On Publishing – Printing & Production Choices
I often get people asking me about the printers and distributors who help me put out my independent non-fiction books. I’ve even been “insulted” recently, by other publishers, for making the choices I’ve made.
Let me take a moment to share with you why I use the printers and distributors I use.
For DB Publishing’s general titles (books we want to be available to everyone), we start by putting out our INITIAL RELEASE paperbacks and hardcovers on Lulu. The reason being it makes the book available immediately for readers who want the physical books right away.
I do use CS to print my paperbacks and I do pay them for distribution and other services (because the general paperbacks usually pay for their own setup and distribution costs). Once CS approves each new book and makes the paperback live on Amazon and other online retailers, I immediately remove the paperbacks from Lulu but leave the hardcovers there. I only put our own ISBNs on books over 300 pages. Otherwise I get them from CS. Readers don’t give two craps where the ISBN comes from. I didn’t spend hundreds on a huge block of ISBNs to waste them on the shorter books. I’ll keep them for the beefier ones, thanks.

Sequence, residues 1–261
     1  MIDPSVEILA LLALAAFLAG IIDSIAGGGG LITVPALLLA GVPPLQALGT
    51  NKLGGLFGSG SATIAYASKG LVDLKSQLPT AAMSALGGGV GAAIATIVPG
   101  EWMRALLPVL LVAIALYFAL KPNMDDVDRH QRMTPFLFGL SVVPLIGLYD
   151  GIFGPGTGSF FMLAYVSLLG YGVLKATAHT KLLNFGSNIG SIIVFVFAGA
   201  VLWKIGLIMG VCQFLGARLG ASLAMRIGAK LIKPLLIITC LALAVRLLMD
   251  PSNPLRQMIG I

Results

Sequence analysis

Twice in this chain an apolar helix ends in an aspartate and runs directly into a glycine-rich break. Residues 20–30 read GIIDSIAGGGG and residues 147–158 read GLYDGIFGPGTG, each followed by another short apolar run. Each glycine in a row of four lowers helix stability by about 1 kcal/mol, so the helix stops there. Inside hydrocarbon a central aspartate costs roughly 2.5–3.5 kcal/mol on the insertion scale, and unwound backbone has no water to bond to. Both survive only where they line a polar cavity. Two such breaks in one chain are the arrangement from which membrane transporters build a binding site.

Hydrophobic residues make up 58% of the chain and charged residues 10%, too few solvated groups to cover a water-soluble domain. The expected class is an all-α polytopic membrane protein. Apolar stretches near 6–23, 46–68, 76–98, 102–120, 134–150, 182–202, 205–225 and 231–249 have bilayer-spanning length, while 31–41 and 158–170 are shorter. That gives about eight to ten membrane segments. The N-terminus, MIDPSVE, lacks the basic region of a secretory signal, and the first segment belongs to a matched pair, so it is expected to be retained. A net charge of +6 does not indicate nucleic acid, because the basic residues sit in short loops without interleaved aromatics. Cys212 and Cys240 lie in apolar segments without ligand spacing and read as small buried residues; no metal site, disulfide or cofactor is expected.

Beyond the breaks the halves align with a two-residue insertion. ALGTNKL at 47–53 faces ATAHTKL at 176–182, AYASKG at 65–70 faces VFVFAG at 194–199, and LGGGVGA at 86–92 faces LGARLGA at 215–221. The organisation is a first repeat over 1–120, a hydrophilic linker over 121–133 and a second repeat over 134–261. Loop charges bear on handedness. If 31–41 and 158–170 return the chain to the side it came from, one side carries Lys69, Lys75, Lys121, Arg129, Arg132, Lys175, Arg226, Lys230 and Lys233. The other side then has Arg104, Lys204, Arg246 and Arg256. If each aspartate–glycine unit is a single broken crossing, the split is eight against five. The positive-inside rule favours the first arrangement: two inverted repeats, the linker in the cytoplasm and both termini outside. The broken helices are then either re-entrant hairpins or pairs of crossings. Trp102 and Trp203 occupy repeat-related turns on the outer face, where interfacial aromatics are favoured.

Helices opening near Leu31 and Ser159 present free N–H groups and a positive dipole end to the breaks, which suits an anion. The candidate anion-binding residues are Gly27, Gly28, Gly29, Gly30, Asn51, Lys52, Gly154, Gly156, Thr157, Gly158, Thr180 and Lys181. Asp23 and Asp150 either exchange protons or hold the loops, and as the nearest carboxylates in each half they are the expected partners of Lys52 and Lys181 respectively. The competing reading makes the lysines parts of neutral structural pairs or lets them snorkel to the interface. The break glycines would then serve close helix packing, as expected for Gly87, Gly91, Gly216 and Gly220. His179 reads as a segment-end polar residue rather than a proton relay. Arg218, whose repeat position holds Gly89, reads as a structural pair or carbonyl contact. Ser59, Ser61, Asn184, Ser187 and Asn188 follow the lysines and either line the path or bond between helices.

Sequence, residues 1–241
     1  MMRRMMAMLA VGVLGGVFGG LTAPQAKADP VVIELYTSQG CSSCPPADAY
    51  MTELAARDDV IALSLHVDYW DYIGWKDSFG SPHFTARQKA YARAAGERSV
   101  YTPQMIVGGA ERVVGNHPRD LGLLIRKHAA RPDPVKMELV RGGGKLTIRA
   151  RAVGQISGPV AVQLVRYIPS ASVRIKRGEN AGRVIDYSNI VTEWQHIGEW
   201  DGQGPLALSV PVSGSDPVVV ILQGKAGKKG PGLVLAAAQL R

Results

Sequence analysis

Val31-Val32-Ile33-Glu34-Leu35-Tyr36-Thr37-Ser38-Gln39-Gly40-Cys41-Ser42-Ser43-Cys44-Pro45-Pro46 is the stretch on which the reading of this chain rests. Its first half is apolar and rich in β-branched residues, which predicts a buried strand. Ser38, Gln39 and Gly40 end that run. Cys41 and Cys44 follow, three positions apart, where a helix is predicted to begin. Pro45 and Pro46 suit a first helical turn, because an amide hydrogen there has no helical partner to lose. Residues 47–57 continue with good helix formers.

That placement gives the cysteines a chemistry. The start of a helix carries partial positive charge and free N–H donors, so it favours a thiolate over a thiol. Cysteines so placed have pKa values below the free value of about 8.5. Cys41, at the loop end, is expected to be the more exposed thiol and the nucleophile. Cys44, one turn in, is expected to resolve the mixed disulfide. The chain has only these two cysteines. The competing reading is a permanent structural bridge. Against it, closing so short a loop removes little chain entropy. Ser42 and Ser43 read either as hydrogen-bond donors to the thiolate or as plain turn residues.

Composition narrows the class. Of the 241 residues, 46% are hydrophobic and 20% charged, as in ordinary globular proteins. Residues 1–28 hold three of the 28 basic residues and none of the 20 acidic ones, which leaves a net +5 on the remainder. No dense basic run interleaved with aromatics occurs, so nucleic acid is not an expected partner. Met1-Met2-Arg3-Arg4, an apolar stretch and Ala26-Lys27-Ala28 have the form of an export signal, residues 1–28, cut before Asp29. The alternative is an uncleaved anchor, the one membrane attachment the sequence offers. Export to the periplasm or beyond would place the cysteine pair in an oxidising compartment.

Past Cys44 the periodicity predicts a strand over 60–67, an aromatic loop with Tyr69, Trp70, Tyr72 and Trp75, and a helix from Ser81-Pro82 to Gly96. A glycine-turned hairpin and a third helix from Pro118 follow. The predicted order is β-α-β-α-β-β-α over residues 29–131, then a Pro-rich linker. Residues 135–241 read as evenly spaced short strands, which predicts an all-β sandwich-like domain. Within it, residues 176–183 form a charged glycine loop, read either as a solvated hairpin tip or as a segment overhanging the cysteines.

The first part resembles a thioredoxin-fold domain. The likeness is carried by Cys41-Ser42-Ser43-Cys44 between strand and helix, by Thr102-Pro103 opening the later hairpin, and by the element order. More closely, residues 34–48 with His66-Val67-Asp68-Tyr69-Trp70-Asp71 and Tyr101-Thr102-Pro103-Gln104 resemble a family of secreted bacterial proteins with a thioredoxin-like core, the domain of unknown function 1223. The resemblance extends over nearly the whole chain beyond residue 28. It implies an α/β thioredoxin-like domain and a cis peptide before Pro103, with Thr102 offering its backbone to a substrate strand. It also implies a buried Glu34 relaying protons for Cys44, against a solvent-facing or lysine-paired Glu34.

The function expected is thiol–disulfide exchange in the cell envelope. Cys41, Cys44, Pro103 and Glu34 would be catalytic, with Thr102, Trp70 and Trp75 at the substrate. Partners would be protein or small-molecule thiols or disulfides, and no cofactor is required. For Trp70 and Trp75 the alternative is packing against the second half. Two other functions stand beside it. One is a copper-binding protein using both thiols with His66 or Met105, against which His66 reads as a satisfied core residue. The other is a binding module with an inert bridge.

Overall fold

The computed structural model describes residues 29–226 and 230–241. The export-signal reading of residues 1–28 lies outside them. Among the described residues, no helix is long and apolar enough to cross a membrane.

Then I put up the eBooks through Amazon and B&N because eBooks are awesome and some readers don’t have a lot of shelf space for physical books. Plus eBooks are often cheaper (or they should be) and fulfill a niche for both instant gratification and a less expensive copy.